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10.8 South Africa Culture: Food and Beverage: Biltong




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This article is from the South Africa FAQ, by Scott Hazelhurst scott@cs.wits.ac.za with numerous contributions by others.

10.8 South Africa Culture: Food and Beverage: Biltong



From: aris@unisup1.mpd.co.za (Aris Stathakis)
Subject: Re: Help I want some Biltong !
Organization: Micro & Peripheral Distributors (Pty) Ltd.
Date: Sat, 04 Jun 1994 16:42:58 GMT
Keywords: Biltong Swop

How To Make Real South African Biltong
--------------------------------------
(C) Copyright 1994 Aris Stathakis (aris@mpd.co.za)

Ingredients needed:

Beef (Preferably Silverside/London Broil)
Rock Salt
Coarse Ground Black Pepper
Coarse Ground Coriander
Vinegar (preferably Apple-Cider vinegar)

Get some half-inch thick strips of beef (silverside - called London
Broil in the US). Make sure it's cut _with_ the grain. The pieces
should be about 6 inches long. Liberally sprinkle rock-salt on each
side of the pieces of meat and let them stand for an hour. The longer
you let it stand the saltier it will become.

After the hour, scrape off all the excess salt with a knife (don't
soak it in water!). Then get some vinegar - preferably apple-cider
vinegar, but any vinegar will do. Put some vinegar in a bowl and dip
the strips of meat in the vinegar for a second or so - just so that
the meat is covered in the vinegar. Hold the biltong up so that the
excess vinegar drips off.

Then sprinkle ground pepper and ground coriander over the meat on all
sides.

Once you have done this, the meat is ready to dry. There are several
methods of drying. One is to hang it up on a line in a cool place and
have a fan blow on it. This method is a bit difficult because if the
air is humid the meat can spoil. The method I use is a home-made
'Biltong Box'. This is basically a sealed wooden box (you can use
cardboard if you like) with holes in it and a 60w lightbulb inside.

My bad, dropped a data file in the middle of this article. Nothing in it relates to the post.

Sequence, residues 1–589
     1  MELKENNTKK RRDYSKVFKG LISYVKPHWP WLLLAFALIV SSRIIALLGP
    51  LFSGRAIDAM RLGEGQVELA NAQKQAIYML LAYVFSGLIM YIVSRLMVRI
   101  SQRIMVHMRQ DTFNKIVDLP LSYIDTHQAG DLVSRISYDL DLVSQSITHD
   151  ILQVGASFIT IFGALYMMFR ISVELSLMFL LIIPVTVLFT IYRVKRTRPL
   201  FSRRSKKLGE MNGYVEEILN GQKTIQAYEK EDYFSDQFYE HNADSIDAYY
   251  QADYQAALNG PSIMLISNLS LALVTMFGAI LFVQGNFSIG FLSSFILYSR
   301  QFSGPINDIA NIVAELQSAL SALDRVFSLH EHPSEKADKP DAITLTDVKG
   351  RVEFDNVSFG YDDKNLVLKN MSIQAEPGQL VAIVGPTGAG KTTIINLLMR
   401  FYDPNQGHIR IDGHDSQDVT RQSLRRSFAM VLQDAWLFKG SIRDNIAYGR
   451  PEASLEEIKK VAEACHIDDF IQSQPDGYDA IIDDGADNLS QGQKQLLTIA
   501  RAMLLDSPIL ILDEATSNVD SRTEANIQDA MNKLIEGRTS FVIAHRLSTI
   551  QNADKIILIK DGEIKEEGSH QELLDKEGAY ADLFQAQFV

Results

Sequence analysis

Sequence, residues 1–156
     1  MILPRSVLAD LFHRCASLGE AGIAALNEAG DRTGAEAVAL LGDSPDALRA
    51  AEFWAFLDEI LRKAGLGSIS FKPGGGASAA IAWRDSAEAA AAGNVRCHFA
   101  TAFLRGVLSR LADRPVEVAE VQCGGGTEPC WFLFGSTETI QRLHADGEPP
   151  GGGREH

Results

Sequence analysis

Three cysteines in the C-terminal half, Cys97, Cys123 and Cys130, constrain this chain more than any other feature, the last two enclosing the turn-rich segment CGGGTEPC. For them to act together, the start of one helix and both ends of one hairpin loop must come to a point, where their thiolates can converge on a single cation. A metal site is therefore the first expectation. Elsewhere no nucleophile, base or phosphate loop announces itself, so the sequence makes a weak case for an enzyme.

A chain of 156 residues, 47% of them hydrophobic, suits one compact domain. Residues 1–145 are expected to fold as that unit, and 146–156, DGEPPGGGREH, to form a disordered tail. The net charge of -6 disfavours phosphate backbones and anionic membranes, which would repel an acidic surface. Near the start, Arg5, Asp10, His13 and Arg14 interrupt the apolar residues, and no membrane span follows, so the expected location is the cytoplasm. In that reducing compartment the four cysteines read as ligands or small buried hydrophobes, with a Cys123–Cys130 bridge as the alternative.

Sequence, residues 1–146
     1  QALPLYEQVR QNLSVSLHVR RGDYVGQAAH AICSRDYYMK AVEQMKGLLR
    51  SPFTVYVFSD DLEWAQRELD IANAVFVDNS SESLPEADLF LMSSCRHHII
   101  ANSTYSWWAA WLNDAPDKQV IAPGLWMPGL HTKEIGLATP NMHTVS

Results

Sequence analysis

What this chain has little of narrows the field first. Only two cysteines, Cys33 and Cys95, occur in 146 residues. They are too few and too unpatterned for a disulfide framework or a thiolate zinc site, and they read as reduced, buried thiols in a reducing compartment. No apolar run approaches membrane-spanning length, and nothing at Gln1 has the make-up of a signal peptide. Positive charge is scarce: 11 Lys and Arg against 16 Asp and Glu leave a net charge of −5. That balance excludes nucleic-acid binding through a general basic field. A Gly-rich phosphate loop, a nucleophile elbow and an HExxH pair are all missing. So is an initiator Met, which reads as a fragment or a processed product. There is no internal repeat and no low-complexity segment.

Just hang the meat at the top of the box, and leave the lightbulb on
at the bottom. The heat from the lightbulb helps dry the meat (even
in humid weather) in about 3-4 days. Remember, the box must be closed
on all 6 sides except for a few holes (as per the diagram below). The
whole theory behind this method is that hot dry air rises thus drying
the biltong. The holes are quite important as they promote good air
circulation in the box.

              .4 metre across
              _______________
FRONT VIEW    |             |
              |x-----------x|   |    |||      |           prevents blood from d
ropping on the
              ---------------           lightbulb.  Make sure the wood has
                                        a few holes in ot to let the hot air
                                        rise.

              .4 metre across
              _______________
SIDE VIEW     |             |
              |  O  O  O    |
              |             |    |  O  O  O    |
              ---------------

You'll know when the biltong is ready when it is quite hard, but still
a bit moist inside. Of course, some people like it 'wet' and others
like it 'dry'. It's all a matter of taste. Most South Africans I know
like it in between - basically just a bit red inside. If it has gone green,
then the meat has spoiled (i.e. don't eat it).

Variations include the above recipe, but add flavours like Worcestershire
sauce, BBQ sauce, tabasco sauce, soy sauce, etc.. Just brush these sauces
on after applying the vinegar using a basting brush.

Have fun with this recipe, and please mail me any success stories.

--
Aris Stathakis Tel: +27 11 887 1040 Snail Mail:
SCO ACE / Novell CNE Fax: +27 11 887 5158 P.O. Box 781228
M&PD (Pty) Ltd. Fax: +27 11 887 5158 Sandton, 2146
E-Mail: aris@mpd.co.za Cell:+27 83 601 0206 R.S.A.

 

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